## are there a frequentist and a Bayesian likelihoods?

**A** question that came up on X validated and led me to spot rather poor entries in Wikipedia about both the likelihood function and Bayes’ Theorem. Where unnecessary and confusing distinctions are made between the frequentist and Bayesian versions of these notions. I have already discussed the later (Bayes’ theorem) a fair amount here. The discussion about the likelihood is quite bemusing, in that the likelihood function is the … function of the parameter equal to the density indexed by this parameter at the observed value.

“What we can find from a sample is the likelihood of any particular value of r, if we define the likelihood as a quantity proportional to the probability that, from a population having the particular value of r, a sample having the observed value of r, should be obtained.”R.A. Fisher,On the “probable error’’ of a coefficient of correlation deduced from a small sample.Metron1, 1921, p.24

By mentioning an informal side to likelihood (rather than to likelihood function), and then stating that the likelihood is not a probability in the frequentist version but a probability in the Bayesian version, the W page makes a complete and unnecessary mess. Whoever is ready to rewrite this introduction is more than welcome! (Which reminded me of an earlier question also on X validated asking why a common reference measure was needed to define a likelihood function.)

This also led me to read a recent paper by Alexander Etz, whom I met at E.J. Wagenmakers‘ lab in Amsterdam a few years ago. Following Fisher, as Jeffreys complained about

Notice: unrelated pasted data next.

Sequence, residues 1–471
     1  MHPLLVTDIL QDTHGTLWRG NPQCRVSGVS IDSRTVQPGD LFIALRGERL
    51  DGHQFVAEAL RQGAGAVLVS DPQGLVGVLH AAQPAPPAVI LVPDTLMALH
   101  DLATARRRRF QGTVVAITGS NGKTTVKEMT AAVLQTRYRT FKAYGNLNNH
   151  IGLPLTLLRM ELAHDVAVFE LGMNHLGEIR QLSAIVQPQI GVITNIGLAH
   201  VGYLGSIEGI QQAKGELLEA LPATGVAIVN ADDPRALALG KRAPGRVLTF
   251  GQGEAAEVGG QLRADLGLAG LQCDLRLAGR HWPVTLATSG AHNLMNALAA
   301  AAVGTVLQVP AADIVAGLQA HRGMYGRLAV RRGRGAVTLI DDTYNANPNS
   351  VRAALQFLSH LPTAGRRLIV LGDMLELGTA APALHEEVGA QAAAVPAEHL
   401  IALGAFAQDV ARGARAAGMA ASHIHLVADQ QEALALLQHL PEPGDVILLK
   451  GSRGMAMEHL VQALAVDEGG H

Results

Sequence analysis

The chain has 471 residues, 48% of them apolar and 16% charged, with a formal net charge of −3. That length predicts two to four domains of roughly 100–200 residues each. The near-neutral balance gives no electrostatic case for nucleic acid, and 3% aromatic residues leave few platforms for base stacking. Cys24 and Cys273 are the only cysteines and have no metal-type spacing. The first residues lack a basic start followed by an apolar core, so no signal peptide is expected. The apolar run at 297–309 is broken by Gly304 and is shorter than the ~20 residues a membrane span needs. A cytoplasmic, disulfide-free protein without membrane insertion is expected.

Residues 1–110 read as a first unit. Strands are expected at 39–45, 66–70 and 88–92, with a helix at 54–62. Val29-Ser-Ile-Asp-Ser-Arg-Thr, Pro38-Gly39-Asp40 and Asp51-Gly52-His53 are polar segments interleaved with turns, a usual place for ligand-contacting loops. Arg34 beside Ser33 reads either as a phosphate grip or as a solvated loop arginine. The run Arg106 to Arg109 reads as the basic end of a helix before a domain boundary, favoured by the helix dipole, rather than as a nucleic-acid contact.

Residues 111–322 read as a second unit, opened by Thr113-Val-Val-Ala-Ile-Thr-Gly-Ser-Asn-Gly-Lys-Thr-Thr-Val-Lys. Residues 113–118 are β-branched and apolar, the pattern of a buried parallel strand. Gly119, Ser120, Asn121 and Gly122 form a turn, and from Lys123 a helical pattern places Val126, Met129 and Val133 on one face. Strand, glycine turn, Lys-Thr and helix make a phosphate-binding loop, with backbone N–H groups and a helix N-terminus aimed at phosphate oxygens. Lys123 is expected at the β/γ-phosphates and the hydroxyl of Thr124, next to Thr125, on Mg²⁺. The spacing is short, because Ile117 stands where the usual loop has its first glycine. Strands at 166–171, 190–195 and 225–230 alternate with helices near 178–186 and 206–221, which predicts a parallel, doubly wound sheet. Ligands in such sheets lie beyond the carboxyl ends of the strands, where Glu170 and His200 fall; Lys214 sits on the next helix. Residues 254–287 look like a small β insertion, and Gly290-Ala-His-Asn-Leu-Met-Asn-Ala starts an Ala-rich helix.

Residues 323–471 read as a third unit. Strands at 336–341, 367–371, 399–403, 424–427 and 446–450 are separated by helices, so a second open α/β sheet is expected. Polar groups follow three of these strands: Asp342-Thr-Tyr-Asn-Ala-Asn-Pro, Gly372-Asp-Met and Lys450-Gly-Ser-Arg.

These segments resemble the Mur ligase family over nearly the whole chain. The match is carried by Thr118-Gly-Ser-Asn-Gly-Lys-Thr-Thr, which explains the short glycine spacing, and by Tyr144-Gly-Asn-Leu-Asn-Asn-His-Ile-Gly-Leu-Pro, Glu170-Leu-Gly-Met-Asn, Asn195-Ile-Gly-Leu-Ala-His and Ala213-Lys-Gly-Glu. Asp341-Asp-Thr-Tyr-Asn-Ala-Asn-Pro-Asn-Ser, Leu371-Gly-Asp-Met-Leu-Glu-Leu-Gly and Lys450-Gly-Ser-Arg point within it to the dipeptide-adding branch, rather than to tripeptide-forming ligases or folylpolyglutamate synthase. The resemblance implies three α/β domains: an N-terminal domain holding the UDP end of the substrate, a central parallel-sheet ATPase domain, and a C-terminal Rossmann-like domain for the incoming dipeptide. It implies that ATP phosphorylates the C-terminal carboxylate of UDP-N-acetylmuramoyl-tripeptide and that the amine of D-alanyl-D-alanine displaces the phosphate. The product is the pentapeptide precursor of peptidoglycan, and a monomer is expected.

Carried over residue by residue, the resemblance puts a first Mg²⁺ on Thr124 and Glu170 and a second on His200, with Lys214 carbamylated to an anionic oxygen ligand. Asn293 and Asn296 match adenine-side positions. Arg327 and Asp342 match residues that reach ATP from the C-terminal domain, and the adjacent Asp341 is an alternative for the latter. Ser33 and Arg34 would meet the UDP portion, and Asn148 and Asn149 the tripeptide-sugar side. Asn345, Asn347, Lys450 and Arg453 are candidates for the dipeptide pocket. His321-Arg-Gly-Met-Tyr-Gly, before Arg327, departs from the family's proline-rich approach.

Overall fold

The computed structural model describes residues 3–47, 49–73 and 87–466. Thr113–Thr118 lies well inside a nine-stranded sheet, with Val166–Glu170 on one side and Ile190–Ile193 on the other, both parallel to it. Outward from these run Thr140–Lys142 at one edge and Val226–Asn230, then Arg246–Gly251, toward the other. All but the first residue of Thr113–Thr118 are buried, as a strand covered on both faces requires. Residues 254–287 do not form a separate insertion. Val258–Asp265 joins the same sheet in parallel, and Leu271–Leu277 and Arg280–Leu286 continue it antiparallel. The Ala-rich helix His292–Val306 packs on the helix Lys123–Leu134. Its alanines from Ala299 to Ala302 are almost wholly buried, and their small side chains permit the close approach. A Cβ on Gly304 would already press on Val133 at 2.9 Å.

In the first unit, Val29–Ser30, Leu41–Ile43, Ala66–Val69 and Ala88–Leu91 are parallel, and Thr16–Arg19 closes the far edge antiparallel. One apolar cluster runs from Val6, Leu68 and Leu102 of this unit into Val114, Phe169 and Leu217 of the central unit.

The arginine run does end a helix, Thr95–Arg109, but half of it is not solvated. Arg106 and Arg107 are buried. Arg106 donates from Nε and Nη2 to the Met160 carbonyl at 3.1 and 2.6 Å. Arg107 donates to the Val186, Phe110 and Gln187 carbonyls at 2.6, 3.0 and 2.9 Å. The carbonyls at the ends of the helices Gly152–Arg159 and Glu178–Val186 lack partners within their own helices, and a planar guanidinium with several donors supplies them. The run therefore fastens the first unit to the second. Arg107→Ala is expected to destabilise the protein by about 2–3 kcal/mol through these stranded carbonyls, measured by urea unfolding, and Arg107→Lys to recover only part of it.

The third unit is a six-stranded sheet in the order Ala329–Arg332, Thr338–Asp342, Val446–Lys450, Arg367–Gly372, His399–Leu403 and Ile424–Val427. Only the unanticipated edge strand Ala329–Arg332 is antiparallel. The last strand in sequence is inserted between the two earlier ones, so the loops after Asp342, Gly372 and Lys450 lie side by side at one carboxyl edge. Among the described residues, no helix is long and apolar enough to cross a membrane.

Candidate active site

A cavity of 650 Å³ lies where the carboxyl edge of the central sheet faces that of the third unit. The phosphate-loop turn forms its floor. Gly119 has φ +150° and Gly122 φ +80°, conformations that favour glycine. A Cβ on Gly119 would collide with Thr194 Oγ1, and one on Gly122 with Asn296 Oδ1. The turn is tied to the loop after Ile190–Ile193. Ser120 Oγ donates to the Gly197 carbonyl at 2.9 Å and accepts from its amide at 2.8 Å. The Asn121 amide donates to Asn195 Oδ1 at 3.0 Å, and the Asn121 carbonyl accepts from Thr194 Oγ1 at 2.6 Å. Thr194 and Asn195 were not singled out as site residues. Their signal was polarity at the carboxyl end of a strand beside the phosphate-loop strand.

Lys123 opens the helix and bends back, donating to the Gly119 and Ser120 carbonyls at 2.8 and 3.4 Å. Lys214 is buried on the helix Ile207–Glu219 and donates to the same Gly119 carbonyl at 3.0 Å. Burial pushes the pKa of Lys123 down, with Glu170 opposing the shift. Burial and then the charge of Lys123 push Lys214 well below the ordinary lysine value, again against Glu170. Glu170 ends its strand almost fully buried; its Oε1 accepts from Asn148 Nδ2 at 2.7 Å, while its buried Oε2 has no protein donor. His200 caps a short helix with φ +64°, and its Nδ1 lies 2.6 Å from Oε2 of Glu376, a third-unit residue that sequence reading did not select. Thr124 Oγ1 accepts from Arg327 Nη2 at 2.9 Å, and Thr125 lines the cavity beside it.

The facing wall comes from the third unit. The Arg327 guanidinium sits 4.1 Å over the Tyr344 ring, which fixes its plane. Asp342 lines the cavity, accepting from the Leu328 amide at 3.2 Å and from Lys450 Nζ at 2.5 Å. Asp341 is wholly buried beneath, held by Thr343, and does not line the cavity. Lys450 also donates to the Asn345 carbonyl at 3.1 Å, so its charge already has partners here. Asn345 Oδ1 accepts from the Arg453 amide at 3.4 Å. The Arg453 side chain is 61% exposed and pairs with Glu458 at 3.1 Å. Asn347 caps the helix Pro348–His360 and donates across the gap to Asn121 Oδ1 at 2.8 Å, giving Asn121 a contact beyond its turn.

“..likelihood, a convenient term introduced by Professor R.A. Fisher, though in his usage it is sometimes multiplied by a constant factor. This is the probability of the observations given the original information and the hypothesis under discussion.”H. Jeffreys,Theory of Probability, 1939, p.28

Alexander defines the likelihood up to a constant, which causes extra-confusion, for free!, as there is no foundational reason to introduce this degree of freedom rather than imposing an exact equality with the density of the data (albeit with an arbitrary choice of dominating measure, never neglect the dominating measure!). The paper also repeats the message that the likelihood is not a probability (density, *missing in the paper*). And provides intuitions about maximum likelihood, likelihood ratio and Wald tests. But does not venture into a separate definition of the likelihood, being satisfied with the fundamental notion to be plugged into the magical formula

posterior∝prior×likelihood

June 7, 2018 at 4:49 pm

Minor comment. In a discrete situation, of course, the it’s not a probability density, just a discrete set of probabilities. So it’s not necessarily “wrong” to leave out ‘density’.

June 7, 2018 at 5:35 pm

Thanks you Bill: Why keep density? Well, formally, It remains a density wrt the counting measure. Cheers!

June 19, 2018 at 2:39 pm

Good point, Christian.

The reason why I made that comment is that I have taught a course on decision theory many times for freshman/sophomore nonscience honors college students in which I assume no calculus and hence stuck to discrete probability densities (see, I can say that too!) as a pedagogical tool. Obviously, I couldn’t introduce measure theory in such a context!